Vaccine candidate previously triggered an ‘insufficient response’ in older adults
Interim results from a phase two trial showed development of antibodies against the CCP (Chinese Communist Party) virus in 95 to 100 percent of volunteers, who ranged in age from 18 to 95.
“With these favourable results, we are set to progress to a global Phase 3 efficacy study. We look forward to generating additional data and working with our partners around the world to make our vaccine available as quickly as possible,” Thomas Triomphe, executive vice president and head of Sanofi Pasteur, said in a statement.
“These positive data show the potential of this protein-based adjuvanted vaccine candidate in the broader context of the pandemic, including the need to address variants and to provide for booster doses,” Roger Connor, president of GSK Vaccines, added.
The trial involved 722 volunteers in the United States and Honduras, with roughly equal numbers of adults in two age groups: between 18 and 59 and 60 and older. Volunteers were given two injections 21 days apart, with antigen dose levels ranging from five to 15 micrograms.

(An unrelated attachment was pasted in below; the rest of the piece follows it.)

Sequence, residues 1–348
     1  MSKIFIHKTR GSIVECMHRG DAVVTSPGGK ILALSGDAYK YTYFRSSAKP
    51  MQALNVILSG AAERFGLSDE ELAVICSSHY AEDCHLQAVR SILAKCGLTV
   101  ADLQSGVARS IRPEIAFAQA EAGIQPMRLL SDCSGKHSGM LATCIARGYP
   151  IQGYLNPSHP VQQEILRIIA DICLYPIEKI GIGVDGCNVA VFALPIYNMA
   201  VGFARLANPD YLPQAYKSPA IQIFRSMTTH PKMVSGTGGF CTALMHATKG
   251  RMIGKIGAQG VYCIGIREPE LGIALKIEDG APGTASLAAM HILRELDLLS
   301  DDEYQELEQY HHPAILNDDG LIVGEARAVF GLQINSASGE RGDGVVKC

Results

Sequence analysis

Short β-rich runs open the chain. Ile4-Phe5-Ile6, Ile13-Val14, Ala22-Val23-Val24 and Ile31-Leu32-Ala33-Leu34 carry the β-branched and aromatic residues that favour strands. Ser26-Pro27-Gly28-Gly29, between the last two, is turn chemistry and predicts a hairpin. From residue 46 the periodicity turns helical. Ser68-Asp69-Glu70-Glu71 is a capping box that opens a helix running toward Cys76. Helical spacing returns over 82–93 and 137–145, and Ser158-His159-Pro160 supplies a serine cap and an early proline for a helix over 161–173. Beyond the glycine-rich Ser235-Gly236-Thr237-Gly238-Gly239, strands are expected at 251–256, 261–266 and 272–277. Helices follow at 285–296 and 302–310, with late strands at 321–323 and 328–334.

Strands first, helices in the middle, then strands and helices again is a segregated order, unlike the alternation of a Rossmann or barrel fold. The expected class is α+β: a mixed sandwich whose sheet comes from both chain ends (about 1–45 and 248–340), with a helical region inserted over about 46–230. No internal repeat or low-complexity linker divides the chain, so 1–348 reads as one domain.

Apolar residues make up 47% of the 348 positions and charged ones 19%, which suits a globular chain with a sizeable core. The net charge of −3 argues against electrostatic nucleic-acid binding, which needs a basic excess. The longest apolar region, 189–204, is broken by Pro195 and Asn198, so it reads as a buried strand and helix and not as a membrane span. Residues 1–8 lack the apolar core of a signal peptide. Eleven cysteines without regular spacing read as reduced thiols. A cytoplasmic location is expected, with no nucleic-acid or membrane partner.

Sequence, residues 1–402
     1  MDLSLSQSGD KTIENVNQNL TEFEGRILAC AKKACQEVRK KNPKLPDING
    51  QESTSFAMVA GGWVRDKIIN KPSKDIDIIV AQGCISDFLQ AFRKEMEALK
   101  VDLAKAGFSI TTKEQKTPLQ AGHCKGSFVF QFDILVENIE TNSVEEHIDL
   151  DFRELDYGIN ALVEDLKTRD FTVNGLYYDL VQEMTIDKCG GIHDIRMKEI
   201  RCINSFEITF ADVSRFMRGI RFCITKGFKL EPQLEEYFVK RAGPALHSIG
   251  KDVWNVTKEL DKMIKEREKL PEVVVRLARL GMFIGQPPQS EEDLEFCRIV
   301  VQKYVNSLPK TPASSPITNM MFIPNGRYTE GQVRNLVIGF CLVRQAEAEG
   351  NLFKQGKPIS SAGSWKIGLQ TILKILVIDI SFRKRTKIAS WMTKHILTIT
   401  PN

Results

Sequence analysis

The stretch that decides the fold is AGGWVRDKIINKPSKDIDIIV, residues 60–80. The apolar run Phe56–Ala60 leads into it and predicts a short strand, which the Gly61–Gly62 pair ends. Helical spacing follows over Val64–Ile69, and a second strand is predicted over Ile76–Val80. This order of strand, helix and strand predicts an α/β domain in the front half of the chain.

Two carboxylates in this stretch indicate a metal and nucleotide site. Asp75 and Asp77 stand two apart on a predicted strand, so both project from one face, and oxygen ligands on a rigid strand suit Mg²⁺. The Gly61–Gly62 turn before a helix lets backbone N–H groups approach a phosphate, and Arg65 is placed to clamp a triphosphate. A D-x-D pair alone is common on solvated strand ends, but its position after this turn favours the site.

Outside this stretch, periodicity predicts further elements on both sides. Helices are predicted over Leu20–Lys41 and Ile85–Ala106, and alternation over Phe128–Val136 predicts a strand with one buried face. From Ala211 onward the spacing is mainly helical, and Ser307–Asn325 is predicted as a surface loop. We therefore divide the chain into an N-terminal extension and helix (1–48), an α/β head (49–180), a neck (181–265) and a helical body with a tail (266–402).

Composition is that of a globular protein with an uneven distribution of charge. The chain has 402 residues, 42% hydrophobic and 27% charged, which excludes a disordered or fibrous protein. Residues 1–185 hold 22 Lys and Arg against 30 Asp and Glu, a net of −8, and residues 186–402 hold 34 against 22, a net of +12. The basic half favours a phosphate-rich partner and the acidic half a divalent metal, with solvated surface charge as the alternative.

U.S. government money helped fund the study.
Full results will be published in a peer-reviewed journal, Sanofi and GlaxoSmithKline said.
The companies reformulated the vaccine candidate last year after interim results from a combined phase one/two trial showed it triggered an “insufficient response” in older adults, one of the groups most at risk from COVID-19 of severe disease or death.
They said at the time they would start a phase two trial in February 2021.
The vaccine is not expected to be ready until the fourth quarter.
The upcoming phase three trial will enroll more than 35,000 adults from a variety of countries. It will be randomized and double-blind and test against some CCP virus variants.
Many COVID-19 vaccines authorized in countries around the world so far use messenger RNA or a modified virus delivery system. In contrast, the Sanofi-GSK shot utilizes a copy of the CCP virus spike protein as the antigen, which helps the body recognize and fight off the virus if a person becomes infected.
European Commission President Ursula von der Leyen told reporters last month that protein-based COVID-19 vaccines have “quite a potential” and could be added to the commission’s stock of authorized jabs.
Fifteen COVID-19 vaccines have received emergency authorization or approval in at least one country, according to the Regulatory Affairs Professionals Society, with another 57 in varying stages of development. About a dozen are in late-stage trials, including shots from CureVac/GSK, the Center for Genetic Engineering and Biotechnology, and Vaxxinity.